which the shoots grew to a standing vegetation considered having good biological activity (Figure 4(c)), wastewater was allowed to flow continuously into the bed at a Hydraulic Loading Rate (HLR) of 85.43 L・m−2・day−1 in a horizontal surface flow (HSF) configuration. At the end of each season of the year, the plants were harvested when 50% were observed to have flowered in the bed and the biomass measured using a scale and an electronic balance.

2.4. Measurement of Growth Characteristics of Macrophytes

The height, number of leaves and density of plants were determined at intervals of two weeks throughout the experimental period. During each season of the year, the plants were harvested and weighed when at least 50% of them were observed to have flowered in the bed. Before harvest, the level of water in the wetland was reduced to the root zone (subsurface) to avoid rotting of the herbaceous stubs. This was reinstalled when the young shoots arose.

2.5. Water Sample Collection and Faecal Bacteria Analyses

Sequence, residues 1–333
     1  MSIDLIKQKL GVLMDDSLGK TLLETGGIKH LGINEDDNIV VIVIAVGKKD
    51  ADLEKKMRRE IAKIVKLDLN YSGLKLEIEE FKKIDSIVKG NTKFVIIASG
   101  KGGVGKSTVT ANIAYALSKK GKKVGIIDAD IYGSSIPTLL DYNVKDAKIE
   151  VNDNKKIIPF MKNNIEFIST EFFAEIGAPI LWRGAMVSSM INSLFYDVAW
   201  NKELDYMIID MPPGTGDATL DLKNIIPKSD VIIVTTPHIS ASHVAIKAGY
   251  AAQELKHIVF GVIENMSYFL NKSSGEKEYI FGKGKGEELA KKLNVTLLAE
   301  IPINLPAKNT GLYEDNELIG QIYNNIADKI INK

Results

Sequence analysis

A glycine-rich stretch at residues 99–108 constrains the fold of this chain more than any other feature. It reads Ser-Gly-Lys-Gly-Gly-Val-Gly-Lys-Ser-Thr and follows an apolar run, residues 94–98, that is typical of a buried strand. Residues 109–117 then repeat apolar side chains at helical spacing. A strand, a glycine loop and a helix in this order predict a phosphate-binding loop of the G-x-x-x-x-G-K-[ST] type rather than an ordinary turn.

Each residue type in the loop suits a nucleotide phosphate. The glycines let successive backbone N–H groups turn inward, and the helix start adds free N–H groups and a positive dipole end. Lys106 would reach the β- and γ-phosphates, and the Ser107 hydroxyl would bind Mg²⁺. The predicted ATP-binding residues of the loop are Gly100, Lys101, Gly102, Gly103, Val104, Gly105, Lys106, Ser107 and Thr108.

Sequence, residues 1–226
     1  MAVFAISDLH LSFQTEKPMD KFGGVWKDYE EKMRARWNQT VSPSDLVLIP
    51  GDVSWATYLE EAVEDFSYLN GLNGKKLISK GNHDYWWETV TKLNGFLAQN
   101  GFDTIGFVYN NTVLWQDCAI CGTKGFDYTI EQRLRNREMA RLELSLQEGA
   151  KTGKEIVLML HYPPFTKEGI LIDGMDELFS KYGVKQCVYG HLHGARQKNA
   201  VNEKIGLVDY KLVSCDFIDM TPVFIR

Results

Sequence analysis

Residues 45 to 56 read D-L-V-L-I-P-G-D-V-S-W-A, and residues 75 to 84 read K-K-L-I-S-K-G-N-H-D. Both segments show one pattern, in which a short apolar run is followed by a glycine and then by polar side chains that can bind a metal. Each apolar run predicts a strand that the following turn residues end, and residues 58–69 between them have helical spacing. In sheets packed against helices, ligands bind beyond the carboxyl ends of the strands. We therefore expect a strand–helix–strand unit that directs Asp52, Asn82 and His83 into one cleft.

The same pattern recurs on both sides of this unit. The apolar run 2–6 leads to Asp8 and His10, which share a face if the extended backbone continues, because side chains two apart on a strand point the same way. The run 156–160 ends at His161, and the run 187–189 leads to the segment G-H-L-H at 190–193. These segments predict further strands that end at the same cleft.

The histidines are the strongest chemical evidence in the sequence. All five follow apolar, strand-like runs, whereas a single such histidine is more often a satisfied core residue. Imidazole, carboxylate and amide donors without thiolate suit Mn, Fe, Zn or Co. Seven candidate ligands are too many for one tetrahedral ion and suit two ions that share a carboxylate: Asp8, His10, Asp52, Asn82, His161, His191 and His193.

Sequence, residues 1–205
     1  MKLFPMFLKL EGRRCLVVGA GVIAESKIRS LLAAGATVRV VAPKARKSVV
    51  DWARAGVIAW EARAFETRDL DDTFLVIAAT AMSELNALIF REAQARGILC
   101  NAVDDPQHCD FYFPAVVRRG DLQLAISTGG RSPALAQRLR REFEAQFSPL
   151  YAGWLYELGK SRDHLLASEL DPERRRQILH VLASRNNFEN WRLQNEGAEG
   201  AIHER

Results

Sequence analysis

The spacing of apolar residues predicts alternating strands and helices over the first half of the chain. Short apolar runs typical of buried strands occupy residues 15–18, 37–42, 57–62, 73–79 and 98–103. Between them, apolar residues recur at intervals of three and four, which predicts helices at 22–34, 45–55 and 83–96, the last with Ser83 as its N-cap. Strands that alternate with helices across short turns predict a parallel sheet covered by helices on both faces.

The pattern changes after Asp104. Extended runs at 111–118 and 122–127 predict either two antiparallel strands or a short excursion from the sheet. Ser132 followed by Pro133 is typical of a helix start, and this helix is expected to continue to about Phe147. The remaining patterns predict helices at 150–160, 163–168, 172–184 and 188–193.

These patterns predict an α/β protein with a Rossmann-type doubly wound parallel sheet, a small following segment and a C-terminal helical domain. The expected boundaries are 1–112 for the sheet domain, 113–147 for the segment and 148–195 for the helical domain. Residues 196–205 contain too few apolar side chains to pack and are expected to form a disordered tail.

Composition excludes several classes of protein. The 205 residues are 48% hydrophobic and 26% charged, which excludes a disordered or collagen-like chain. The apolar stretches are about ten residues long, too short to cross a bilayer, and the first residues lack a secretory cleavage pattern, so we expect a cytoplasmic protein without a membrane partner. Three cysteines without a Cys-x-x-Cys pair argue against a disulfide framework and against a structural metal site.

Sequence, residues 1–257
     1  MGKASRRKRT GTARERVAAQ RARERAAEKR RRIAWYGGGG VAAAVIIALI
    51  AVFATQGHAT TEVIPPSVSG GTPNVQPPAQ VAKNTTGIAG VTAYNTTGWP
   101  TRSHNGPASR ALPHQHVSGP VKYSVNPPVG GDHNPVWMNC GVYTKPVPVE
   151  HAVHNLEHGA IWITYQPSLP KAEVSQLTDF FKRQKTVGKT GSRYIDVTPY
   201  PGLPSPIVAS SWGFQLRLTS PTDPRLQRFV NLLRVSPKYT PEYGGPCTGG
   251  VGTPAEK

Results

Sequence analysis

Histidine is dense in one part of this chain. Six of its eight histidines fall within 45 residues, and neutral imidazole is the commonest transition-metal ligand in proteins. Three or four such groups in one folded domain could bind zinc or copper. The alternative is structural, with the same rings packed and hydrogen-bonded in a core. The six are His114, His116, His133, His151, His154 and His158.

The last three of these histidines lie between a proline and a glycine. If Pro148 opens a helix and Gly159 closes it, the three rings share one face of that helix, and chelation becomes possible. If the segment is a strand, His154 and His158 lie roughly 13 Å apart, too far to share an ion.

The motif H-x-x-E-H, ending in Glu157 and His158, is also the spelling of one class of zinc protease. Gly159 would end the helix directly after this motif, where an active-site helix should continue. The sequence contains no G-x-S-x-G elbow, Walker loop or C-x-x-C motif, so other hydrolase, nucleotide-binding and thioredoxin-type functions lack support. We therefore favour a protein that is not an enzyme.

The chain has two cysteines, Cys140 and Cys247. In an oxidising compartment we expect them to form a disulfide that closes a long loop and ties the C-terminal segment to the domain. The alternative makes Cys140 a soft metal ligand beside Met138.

Water samples were collected at intervals of two weeks from November 2009 to October 2011 from the inflow and the outflow of the non-vegetated control and that vegetated with F. umbellata. Sterile laboratory glass bottles of 500 ml were used to collect water samples that were immediately transported in a cooler for analyses. In the laboratory, manipulations were carried out in strict conditions of sterility. In aseptic conditions, 1 ml of homogenous raw sample was measured and added into 9 ml of sterile distilled water to have 1:10 dilution. This same operation was repeated from the first dilution until the desired dilution was obtained (1:10, 1:100, 1:1000, 1:10,000, etc.). A pipette was used for each sample and was always rinsed between dilutions to avoid contamination from one dilution to the other. The distilled water was sterilized by autoclaving in sealed sterile glass bottles for 15 minutes at 121˚C. Total coliforms, faecal coliforms and faecal streptococci were detected by membrane filtration following standard methods [27] [28] . AC Cellulose Membranes FiltersTM with pore-size 0.45 μm were used on a WHEATON filtering FunnelTM attached to a CM 1500TM vacuum pump.